Posted on December 3, 2021 by Rabbi Arnie Gluck
When the children of Israel were redeemed from Egypt, the Torah describes a moment when they found themselves trapped between Pharaoh’s army, which was gaining on them from behind, and the Sea of Reeds, which was before them. Not knowing what else to do, the people cried out to God, and Moses assured them that God would defeat the Egyptians. But God rebuked Moses for this, saying, “Why do you cry out to me? Tell the people to go forward.” (Exodus 14:15)
A midrash says that the Israelites began to argue about who would lead the way into the sea because no one wanted to go first. At that moment, we are told, Nachshon ben Amminadav leapt into sea, and only when the water was up to his nostrils did the sea part.
I share this story because it teaches us something about the Jewish view of miracles. David Ben Gurion famously said that “in Israel, in order to be a realist, you must believe in miracles.” To know the Jewish story is to know that miracles do happen. There is simply no other reasonable explanation for the survival of the Jewish people and the extraordinary rebirth of the Jewish nation after 2,000 years of dispersion. Yes, we Jews believe in miracles, but we believe especially in miracles of a certain kind — the kind that involve a leap of action.
The earliest descriptions of Chanukah do not relate the miracle of the oil that was sufficient for one day but lasted for eight; they describe a different kind of miracle — a miracle of the human spirit. The miracle of a few brave and determined Jewish people who refused to endure the tyranny of their oppressors and, defying the odds, achieved victory. Like Nachshon, their forebear, they took a leap of action and found themselves capable of something extraordinary.
Even the story of the little jar of oil involves a miracle of the human spirit. Finding themselves with only enough sanctified oil to last for one day, Judah and his followers might have foregone lighting the menorah entirely or waited until a new supply of oil could be procured. As we know, they didn’t wait. They did what they could when they could as an act of faith that the light would be sustained.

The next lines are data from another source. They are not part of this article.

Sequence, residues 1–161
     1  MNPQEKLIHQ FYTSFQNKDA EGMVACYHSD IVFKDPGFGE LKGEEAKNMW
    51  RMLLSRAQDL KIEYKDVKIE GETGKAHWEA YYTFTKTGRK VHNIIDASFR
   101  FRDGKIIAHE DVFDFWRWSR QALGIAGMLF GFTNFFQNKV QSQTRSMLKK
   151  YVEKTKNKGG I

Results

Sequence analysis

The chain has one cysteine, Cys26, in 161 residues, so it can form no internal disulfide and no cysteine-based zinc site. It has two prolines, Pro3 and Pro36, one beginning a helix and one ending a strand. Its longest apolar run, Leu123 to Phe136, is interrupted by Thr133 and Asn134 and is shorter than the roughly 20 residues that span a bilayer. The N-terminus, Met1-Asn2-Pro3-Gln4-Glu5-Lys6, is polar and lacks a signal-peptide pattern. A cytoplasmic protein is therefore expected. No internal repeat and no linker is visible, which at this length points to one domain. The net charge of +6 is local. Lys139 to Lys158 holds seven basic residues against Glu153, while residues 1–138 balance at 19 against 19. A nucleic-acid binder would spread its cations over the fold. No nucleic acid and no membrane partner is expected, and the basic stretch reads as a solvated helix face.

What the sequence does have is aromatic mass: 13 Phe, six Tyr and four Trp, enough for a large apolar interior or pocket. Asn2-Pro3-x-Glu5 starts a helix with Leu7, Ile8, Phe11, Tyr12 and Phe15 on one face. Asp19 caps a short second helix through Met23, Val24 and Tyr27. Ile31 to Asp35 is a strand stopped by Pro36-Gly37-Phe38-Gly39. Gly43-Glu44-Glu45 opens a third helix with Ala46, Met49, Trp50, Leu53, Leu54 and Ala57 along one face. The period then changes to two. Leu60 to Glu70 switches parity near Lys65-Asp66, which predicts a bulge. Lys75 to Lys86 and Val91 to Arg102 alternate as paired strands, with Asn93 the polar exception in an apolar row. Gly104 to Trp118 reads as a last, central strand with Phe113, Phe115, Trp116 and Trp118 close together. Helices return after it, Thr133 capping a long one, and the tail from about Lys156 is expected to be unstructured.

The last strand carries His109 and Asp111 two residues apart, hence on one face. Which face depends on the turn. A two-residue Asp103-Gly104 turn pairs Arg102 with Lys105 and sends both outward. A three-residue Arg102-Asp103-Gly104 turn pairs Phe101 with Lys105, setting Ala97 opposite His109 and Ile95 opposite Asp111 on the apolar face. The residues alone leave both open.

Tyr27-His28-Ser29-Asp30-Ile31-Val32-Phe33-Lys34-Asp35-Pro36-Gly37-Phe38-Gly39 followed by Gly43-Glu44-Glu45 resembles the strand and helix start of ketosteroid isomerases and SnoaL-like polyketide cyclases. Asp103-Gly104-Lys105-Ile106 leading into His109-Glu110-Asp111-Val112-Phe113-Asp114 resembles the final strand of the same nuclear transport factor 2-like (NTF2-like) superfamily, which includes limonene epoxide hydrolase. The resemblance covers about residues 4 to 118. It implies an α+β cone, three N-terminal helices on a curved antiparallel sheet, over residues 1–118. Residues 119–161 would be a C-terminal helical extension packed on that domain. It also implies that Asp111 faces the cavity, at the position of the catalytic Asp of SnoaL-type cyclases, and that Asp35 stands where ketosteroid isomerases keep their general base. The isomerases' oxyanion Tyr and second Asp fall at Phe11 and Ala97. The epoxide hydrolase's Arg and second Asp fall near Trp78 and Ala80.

To be a people of faith means to act in this world with faith in our God-given ability to shape the course of our lives and of history, to make a difference, to bring redemption, and to do miraculous things. It means to believe in ourselves and each other as instruments of God’s goodness and God’s grace. It means to be God’s partners in effecting tikkun olam — perfecting the world that God has entrusted to us and has called us to repair through acts of justice, kindness, compassion, creativity, and ingenuity.
We need a miracle to get us out of the challenging circumstances in which we find ourselves right now. This miracle not come from prayer (though we need that very much to sustain and strengthen us), but in our power to perform. We need a Maccabee miracle. A Nachshon miracle. We need a miracle of the human spirit that leads to a leap of action that will heal our souls, our society, and our world.
May God give us the strength and the courage of Nachshon and the Maccabees to be brave and bold, so that we may be and embody the change we hope and pray will come.
Chanukah sameach and Shabbat shalom,
Rabbi Arnie Gluck